The Villa Villa Monticelli is beautifully situated on a rocky outcrop overlooking the Acropolis and dominates the Valley of the river Rio. The current appearance of the building is the result of numerous building phases occurred over almost a thousand years, which left their traces on the facade.
The first mention of the settlement dates back to the ninth century a.d., when the building was a small castle with its garrison. Around the year 1000 it was transformed into a convent, first Benedictine, then Cistercian: it was precisely the Cistercian nuns, in 1304, to deliver to Pope Benedict XI, at the time living in Perugia, figs poisoned which caused his death. After burying the deceased Pope in a marble mausoleum at the right of the main altar in the Church of San Domenico, the Church of Perugia closed the convent.
It was then sold to captain Francesco Della Rosa, Lieutenant of the Antinori family of Arezzo, which around the beginning of the 16th century transformed it into the Villa we see today, expanding the original building according the style of a Tuscan Medici’s Villa: two wings were added, the gallery and the two terraces that are hosting the Italian gardens.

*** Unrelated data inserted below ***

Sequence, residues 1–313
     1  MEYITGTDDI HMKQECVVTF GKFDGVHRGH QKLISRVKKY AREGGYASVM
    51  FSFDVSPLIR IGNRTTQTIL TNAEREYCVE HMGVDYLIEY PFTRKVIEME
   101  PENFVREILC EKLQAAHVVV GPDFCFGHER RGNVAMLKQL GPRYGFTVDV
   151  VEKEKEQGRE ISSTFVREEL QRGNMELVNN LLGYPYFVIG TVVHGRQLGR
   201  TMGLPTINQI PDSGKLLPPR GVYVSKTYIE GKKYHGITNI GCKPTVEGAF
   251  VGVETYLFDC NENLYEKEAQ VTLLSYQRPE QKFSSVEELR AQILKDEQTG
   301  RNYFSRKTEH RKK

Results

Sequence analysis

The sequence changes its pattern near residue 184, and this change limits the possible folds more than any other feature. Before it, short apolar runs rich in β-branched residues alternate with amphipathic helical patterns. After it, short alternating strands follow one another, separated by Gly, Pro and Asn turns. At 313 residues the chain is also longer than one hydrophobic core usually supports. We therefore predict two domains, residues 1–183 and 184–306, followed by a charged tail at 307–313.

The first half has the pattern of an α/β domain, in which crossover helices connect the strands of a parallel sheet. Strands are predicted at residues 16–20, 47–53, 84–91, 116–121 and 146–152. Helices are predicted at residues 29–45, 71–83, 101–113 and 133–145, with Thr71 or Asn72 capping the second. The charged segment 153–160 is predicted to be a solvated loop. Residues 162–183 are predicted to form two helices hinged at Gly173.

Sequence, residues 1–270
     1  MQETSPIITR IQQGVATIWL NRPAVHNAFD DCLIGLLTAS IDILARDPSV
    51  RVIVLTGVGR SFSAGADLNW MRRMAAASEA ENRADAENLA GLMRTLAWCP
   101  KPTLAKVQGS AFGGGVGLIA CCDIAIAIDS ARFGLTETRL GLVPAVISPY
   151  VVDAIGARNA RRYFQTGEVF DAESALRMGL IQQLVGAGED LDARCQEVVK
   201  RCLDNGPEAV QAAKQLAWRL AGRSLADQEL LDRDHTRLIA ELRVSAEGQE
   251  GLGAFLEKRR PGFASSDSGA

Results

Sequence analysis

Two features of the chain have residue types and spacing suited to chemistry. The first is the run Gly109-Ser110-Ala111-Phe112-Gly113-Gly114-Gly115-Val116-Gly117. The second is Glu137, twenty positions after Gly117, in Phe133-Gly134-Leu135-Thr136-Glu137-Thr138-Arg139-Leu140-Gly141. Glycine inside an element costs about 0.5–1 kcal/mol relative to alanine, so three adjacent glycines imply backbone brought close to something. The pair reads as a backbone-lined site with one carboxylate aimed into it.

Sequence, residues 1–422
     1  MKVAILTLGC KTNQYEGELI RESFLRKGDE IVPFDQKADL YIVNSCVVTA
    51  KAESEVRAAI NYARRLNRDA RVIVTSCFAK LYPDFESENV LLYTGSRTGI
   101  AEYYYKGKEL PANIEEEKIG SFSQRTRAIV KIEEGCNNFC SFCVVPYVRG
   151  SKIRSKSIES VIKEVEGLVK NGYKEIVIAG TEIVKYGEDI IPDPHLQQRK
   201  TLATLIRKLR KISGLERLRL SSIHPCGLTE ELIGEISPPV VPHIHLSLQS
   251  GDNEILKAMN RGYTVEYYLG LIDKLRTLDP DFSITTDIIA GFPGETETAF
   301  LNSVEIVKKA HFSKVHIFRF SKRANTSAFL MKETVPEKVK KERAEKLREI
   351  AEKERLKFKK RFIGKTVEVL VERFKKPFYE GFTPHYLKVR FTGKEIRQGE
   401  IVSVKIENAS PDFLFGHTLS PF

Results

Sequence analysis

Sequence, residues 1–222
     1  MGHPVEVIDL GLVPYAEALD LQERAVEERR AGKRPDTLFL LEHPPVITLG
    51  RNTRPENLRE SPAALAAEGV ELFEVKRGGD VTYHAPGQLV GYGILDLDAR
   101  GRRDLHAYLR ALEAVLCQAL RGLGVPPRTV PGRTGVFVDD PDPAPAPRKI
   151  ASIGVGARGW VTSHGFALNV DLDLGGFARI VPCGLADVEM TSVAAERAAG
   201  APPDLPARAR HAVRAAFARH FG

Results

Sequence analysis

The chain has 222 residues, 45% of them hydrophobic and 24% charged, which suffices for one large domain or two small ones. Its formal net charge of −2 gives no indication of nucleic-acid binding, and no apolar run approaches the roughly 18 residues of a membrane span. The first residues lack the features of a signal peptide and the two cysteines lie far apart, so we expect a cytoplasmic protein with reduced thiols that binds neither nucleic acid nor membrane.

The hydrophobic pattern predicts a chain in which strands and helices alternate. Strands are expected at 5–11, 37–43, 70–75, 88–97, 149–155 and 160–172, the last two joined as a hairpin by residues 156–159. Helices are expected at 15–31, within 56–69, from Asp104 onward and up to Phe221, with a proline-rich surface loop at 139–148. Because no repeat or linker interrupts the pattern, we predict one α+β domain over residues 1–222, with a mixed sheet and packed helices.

Villa Monticelli still preserves the structural features of the sixteenth century. After several changes of ownership, in the nineteenth entury the Villa came into possession of the painter and decorator Hannibal Angelini, who was using it for his "vacation", to rest during the summer with his family. Between 1854 and 1876 the artist painted completely the main floor: the aesthetic suggestions that he had gathered in decorating some of the most beautiful palaces of the Country, found a new and original synthesis in the vaults of Villa Monticelli, who became one of the most beautiful and significant aristocratic residences Umbria.
The typical two-wings shape encloses the courtyard of the villa: here the airy loggia of the northwest side opens panoramically on the low Italian garden and on the large orangery, which overlook the river Rio’s valley and prospectively the city of Perugia
On the eastern side, a peaceful garden – almost a secret garden - full of valuable white marble statues, hosts the botanical species and family busts, offering visitors eager to rest angles of serene beauty.
The Villa and its historic gardens are the heart of the estate “Tenuta Monticelli”: